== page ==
Samuel Fretwell, a money lender, in Little Hallam, Ilkeston, said after he had proved coal in the field about a dozen people came to him wanting him to delve for it. The arrangement was that they should take all the risks and he would buy the coal at £1 a ton, and supply them with all the timber. The party sank three shafts. Props and bars of the usual dimensions, supplied by a colliery company were used. Medical evidence was given that Ross died on Tuesday from shock, following injuries consistent with being buried under a fall. In summing up the Coroner said that the men were experienced miners, and the timber appeared to have been properly fixed. A verdict of “Accidental death was returned”.
Ripley and Heanor News - Friday 21 January 1927
William Henry Allen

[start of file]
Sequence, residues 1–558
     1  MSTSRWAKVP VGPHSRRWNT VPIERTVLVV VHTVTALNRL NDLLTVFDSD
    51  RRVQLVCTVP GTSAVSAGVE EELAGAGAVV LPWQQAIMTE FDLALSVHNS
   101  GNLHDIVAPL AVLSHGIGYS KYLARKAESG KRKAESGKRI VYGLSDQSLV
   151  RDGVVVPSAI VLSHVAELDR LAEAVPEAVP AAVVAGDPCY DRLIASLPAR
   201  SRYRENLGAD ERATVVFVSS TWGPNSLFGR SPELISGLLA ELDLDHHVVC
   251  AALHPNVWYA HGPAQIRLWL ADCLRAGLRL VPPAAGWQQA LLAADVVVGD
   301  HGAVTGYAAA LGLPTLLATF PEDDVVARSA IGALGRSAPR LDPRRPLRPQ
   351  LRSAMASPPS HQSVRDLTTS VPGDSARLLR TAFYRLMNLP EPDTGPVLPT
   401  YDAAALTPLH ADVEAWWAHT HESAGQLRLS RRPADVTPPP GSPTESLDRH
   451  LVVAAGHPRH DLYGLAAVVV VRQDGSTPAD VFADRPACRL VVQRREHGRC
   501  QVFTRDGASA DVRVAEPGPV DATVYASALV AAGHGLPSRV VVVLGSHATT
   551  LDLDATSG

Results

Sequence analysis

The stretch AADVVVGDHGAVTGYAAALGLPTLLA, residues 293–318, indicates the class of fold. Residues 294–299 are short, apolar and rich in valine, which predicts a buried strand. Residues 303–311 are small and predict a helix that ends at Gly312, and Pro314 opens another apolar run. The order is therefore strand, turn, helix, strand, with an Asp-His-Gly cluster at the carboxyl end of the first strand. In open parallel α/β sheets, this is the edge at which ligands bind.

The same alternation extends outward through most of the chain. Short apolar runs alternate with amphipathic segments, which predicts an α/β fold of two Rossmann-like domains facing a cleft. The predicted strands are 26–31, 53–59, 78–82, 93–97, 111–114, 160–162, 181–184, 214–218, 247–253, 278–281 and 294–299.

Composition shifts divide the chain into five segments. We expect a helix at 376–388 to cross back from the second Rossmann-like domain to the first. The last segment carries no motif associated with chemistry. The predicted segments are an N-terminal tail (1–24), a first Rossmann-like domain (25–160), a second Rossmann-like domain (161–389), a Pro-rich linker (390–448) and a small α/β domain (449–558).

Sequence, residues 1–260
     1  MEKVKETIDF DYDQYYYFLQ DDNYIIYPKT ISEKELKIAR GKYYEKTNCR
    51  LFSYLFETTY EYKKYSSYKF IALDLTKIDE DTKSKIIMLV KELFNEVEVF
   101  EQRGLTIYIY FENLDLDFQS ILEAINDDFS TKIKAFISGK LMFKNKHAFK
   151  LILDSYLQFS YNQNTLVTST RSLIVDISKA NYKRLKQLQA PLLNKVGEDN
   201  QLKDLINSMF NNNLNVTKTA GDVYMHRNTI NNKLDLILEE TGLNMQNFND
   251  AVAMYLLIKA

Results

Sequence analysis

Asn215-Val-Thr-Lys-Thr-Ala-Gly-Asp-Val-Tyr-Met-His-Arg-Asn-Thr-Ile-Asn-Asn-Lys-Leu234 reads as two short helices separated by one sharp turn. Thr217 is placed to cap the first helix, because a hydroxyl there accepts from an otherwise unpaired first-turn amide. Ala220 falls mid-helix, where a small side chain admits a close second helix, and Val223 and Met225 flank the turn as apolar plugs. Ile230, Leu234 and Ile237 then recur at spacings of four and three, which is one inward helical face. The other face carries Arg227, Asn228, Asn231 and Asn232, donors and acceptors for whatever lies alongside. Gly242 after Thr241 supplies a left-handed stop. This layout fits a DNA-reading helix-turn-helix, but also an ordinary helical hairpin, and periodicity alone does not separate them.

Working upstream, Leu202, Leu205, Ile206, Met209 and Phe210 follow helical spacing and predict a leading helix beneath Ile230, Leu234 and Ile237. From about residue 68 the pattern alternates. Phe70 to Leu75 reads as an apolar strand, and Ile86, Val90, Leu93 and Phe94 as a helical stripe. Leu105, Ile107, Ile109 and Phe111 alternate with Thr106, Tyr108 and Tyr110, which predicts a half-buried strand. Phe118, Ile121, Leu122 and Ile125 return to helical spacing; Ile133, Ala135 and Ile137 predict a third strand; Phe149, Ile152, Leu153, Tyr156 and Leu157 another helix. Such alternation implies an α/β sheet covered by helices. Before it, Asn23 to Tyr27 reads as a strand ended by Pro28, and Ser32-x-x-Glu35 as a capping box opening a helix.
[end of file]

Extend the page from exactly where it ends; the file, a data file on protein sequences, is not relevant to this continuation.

Last Thursday, Mr. A. N. Whiston, County Coroner, held an inquest touching the tragic death of William Henry Allen, of 36, Burnt House Road, Heanor, who lost his life in an outcrop pit on Wednesday. Mr. W. T. Hartley, Inspector of Mines, was present, also, Mr. Colin Johnson, Superintendent of the North Midland Rescue Station, and Mr. G. L. Brown, manager of the rescue Station. Sarah Jane Welbourn identified the body and said the deceased had lived at their house for fifteen years. Deceased was a mining contractor and was forty years of age last Saturday. He had worked on the outcrop which was at the back of the house. The land belonged to the deceased. Thomas Singleton, miner, of Thorpe’s Road, said deceased and William Welbourn, William Wakefield, and himself, were at the outcrop pit. About twenty minutes to eight o’ clock on Wednesday morning witness went down the pit, but in consequence of the damp returned about, ten a. m. He did not go down again. Soon after two o’ clock deceased went down to bring up some tools. Witness protested, but deceased said he would go. Witness made arrangements for deceased to signal him. He was to shout. He shouted once and witness started to wind him up. When he had got up about ten yards deceased fell off the chair. Witness saw him fall and told his mates, he put it down to the black damp. He shouted down but received no reply. Deceased had told witness he would be all right. They made several attempts to rescue him but failed. Mr. Welbourn, tried damp cloths, but could not get any distance, so they telephoned the North Midland Rescue Station, Ilkeston, and the body was removed. The pit was about twenty yards deep. The lifting apparatus consisted of a wooden roller windlass with a wire rope attached, and the chair a board riveted with chains attached to it. Witness had noticed the black damp plenty of times before. Deceased was a carful man and understood the work. In answer to the Inspector, witness said ten minutes previously they tried a lighted candle but it went out at about ten yard down. Deceased was not tied to the chair. Witness did think it was asking for trouble, but deceased persisted in going down. They were sinking another shaft for which deceased wanted the tools. William Welbourn, miner of Burnt House Road, corroborated the last witness. They tried to prevent him going down but he was keen on fetching out the tools. Witness made desperate attempts to get down to him, but the damp was too much. In answer to the Inspector, witness said he could only get down two or three yards. Deceased was the head man. Colin Johnson, superintendent of the North Midland Recue Party, stated he received a call at two forty, they arrived at the pit at three five. They prepared two men on the way. One man was lowered and deceased was lashed to the rope and brought up at three thirteen p.m. They tried artificial respiration. The doctor was there and he examined the body he was dead. They still tried respiration for half an hour. Dr, W.H. Turton, stated he was at the pit head when the body was brought up, but he concluded the man was dead. In his opinion death was due to suffocation by carbon-dioxide, which had a very quick effect. The Coroner in summing up paid a tribute of praise to Mr. Welbourn, also the very efficient and smart way in which the members of the rescue party rendered every possible help. His verdict would be “Accidental death”. H. M. Inspector, said it was suicidal for a man to go down a mine where this gas was present. He also expressed great praise for the speed and smartness in getting to the pit.